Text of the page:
What the Islamic Veil Reveals
Pierre de Charentenay, S.J.
Gasson Chair, Boston College
Date: February 25, 2016
The geographical and historical diversity of Islam is substantial. The veil that Muslim women wear is an instrument of cultural and religious identity and has no extreme connotation within Islam. However, the veil has become a hot-button issue in France, which has suffered from attacks by Muslim extremists. The choice to wear the Islamic veil in France is seen by some as a rejection of French identity. Should the French appropriate and welcome Muslim women who wear the veil? Should the Muslim women reject the veil in order to show their allegiance to France? Can their identity come both from France and Islam? During his talk at the Boisi Center, Pierre de Charentenay, S.J., will provide an overview of the situation in France and provide resources for answering these difficult questions.
Pierre de Charentenay, S.J., holds the 2015-16 Gasson Chair at Boston College. Since 2014 he has been a member of the college of writers for the Civiltà Cattolica, the magazine of the Roman Jesuits overseen by Vatican authorities. He is a former president of the Centre Sèvres, the Paris Institute of Higher Education of the Society of Jesus, and was the Chief Editor of the monthly journal of the Jesuits of France, Études, from 2004 to 2012. He is the author of nine books including Les Philippines, Archipel Asiatique et Catholique, Regagner L'Europe and Les Nouvelles Frontières de Laïcité and over 500 essays featured in French and foreign journals and newspapers. He has also given numerous conference presentations and workshops across the globe. Fr. de Charentenay entered the order of the Society of Jesus in 1965 and received his Ph.D. in political science from the Fondation Nationale des Sciences Politiques in Paris in 1980.
Pierre de Charentenay, S.J., 2015-16 Gasson Chair in the department of political science at Boston College, spoke at the Boisi Center on February 25 about the role of the Muslim veil in contemporary French society. Drawing on research from his book, Nouvelles Frontières de la Laïcité, de Charentenay spoke about how French culture has become hostile to public forms of religious expression, especially those from its Muslim community members.
According to de Charentenay, the debate over the veil occurs within France because it has an individualistic understanding of religion, has been a specific target for terrorist attacks and because of the migratory crisis that has resulted from the Syrian Civil War. Second and third generation Muslim immigrants are more likely to wear the veil than first generation immigrants to France were.
Controversy over the veil in France began in the 1990s when several Muslim girls wore their hijabs to public school. This sparked the creation of the Stasi Commission, which in 2004 passed a law banning all ostentatious religious signs in government places. At odds with Muslims’ demands for greater religious expression in France is the increasingly pervasive culture of laïcité, which promotes the absence of religious influence on the state and holds that there should be no expression of religion in public space.
The debate over the veil in France is only one of the many issues dividing the Muslim minority from mainstream society. Another major problem is the extraordinarily high rate of unemployment in the suburbs of France’s major cities, where a majority of the Muslim population lives.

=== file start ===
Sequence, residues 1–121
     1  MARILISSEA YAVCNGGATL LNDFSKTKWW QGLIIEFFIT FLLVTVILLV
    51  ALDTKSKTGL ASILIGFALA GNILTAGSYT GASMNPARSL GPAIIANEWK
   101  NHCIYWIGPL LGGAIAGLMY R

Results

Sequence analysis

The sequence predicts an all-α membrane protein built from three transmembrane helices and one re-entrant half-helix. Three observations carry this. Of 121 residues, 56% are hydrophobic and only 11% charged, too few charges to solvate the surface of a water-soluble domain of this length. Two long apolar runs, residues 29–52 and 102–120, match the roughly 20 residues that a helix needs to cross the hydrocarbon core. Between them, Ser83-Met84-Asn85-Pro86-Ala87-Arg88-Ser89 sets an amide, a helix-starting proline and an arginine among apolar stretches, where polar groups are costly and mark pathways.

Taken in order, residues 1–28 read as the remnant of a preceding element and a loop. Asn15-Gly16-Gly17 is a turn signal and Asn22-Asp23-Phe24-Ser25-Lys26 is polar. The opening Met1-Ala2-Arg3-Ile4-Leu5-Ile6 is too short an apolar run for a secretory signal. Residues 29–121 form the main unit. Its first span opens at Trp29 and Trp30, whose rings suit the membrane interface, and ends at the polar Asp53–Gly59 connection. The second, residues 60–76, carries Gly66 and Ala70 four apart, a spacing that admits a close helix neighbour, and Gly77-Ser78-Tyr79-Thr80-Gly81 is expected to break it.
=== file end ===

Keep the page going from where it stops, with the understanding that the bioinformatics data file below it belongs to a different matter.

For de Charentenay, the increased use of the Islamic veil reveals that Muslim immigrants feel at home in France and in Europe more broadly, but seek to maintain their religious identity. According to de Charentenay, only time will tell if France develops into a more multicultural society, tolerant of diverse religions, or completely closes the public sphere to any such forms of religious expression.
Begag, Azouz. Shantytown Kid. (Bison Books, 2007).
Cesari, Jocelyne. The Islamic Awakening: Religion, Democracy and Modernity. (Cambridge University Press, 2014).
Cesari, Jocelyne. The Oxford Handbook of European Islam. (Oxford University Press, 2014).
Cesari, Jocelyne. When Islam and Democracy Meet: Muslims in Europe and in the United States. (Palgrave Macmillan, 2006).
Cesari, Jocelyne. Why the West Fears Islam: An Exploration of Islam in Western Liberal Democracies. (Palgrave Macmillan, 2013).
Fernando, Mayanthi L. The Republic Unsettled: Muslim French and the Contradictions of Secularism. (Duke University Press, 2014).
Scott, Joan Wallach. The Politics of the Veil. (Princeton University Press, 2010).
George Packer's article in The New Yorker, "The Other France."
Jonathan Laurence and Justin Vaïsse's article in Foreign Policy, "The Dis-Integration of Europe."
Jonathan Laurence's article in The New York Times, "How to Integrate Europe's Muslims."
Mark Lilla's articles in The New York Review of Books, "France on Fire," "France: A Strange Defeat," and "Slouching Towards Mecca."
In the News
In response to the shocking terrorist attacks in France, education Minister Vallaud-Belkacem called for reforming the teaching of secularism to prevent future radicalization. She also admitted that too often French secularism, known as laïcité, has been misappropriated by far-right politicians as a tool against Islam and the Muslim minorities in France. In his upcoming talk on February 25 at the Boisi Center, Pierre de Charentenay, S.J., will address the divisive issue of veiling in French public schools and speak to reconciling French and Muslim identities.
"Until French policymakers find a way to give all citizens equal rights to communal attachments, France will not be able to find a way to bring them fully together" argues BC political science professor Jonathan Laurence in his recent piece for Foreign Affairs. This spring, Pierre de Charentenay, S.J. will speak at the Boisi Center on “What the Islamic Veil Reveals.”